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It’s hunting season on FDA-approved drugs after Texas abortion pill ruling

Experts warn that the decision to halt sales of an FDA-approved drug based on shaky legal ground will have broad implications.

WASHINGTON (CN) — To bring a suit, the party seeking relief must demonstrate some kind of injury.

But no patient who experienced adverse reactions to mifepristone is part of the group that secured an injunction last week in Texas to block FDA approval of a popular drug used to terminate pregnancies.

U.S. District Judge Matthew Kacsmaryk instead sided with the Alliance for Hippocratic Medicine, which considers the drug harmful and has dedicated resources to advocate against it.

For legal experts taking stock this week, they say the Trump appointee’s ruling subverts an essential judicial doctrine: standing. 

“This is a manufactured set of supposed injured parties that are really just the vehicles for a larger political movement that are waging this battle in federal court,” Katherine Franke, professor of law and director of the Center for Gender & Sexuality Law at Columbia University, said in a phone call.

“The justification for how those doctors are injured … by the presence or the legality of mifepristone is a highly attenuated chain of possibilities that might happen in the future and that is not a sufficient showing of what the law requires in terms of injury,” Franke said. 

No doctor represented by the advocacy group actually administers mifepristone. They instead treat patients who purportedly experienced complications or regret after undergoing medication abortions. Adverse medical reactions to mifepristone usage have been mostly negligible in the decades that it has been on the market. It is among the safest drugs that the FDA has approved.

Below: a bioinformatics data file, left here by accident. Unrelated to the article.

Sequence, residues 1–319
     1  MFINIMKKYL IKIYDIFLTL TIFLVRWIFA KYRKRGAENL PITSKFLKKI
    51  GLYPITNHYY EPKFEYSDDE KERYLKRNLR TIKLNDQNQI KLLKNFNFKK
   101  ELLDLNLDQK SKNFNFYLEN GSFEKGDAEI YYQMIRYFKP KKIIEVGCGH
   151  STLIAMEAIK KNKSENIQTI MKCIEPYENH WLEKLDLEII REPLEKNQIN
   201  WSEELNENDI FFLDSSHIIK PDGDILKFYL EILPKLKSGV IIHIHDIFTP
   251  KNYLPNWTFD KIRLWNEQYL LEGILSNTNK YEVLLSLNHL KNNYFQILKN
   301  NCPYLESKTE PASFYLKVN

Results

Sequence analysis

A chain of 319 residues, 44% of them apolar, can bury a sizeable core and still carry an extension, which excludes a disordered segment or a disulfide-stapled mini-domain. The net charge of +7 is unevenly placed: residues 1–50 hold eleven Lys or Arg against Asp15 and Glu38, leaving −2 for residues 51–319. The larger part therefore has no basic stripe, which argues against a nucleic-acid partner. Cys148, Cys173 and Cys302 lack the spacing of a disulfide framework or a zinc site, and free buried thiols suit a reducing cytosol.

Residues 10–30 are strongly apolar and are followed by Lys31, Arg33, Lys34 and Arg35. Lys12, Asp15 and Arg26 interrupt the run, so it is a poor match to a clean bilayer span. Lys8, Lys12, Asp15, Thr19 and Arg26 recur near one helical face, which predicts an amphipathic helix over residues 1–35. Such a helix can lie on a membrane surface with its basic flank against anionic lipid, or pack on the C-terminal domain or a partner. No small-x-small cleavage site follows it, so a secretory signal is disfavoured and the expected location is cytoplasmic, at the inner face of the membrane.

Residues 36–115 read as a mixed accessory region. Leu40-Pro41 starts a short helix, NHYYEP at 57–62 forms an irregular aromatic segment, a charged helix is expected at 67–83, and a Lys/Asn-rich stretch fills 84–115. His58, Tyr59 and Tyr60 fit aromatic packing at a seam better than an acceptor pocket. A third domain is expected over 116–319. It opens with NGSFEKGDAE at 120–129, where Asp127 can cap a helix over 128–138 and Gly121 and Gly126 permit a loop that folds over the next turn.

That agency noted in an amicus brief that, compared with the death rate associated with mifepristone use (five for every 1 million people), the risk of death by penicillin is four times greater. Risk of death by taking the erectile dysfunction drug Viagra meanwhile is nearly 10 times greater.

Alliance for Hippocratic Medicine justified its standing by speculating about a patient who takes mifepristone in the future and has a very rare reaction to the drug. That patient might then come into a hospital where they might be cared for by a doctor in the association. Those doctors then might be able to allege that they were burdened by the patient’s need for care. But no lower court has endorsed this theory of standing before now, to say nothing of the Supreme Court. 

“You essentially are allowing doctors to have a kind of free-floating standing to turn courts into a super FDA that gets to review everything that the FDA has done, not based on principles of administrative law, but just based on the merits of the case,” Frederick Lawrence, a distinguished lecturer at Georgetown Law, said in a phone interview.

While lauded by the religious right, Kacsmaryk's ruling has otherwise stoked outrage from a host of government entities, drug manufacturers and abortion advocates who worry about what it means for abortion access nationwide. Mifepristone — one of two drugs used in medication abortions — has been approved by Food and Drug Administration for over two decades.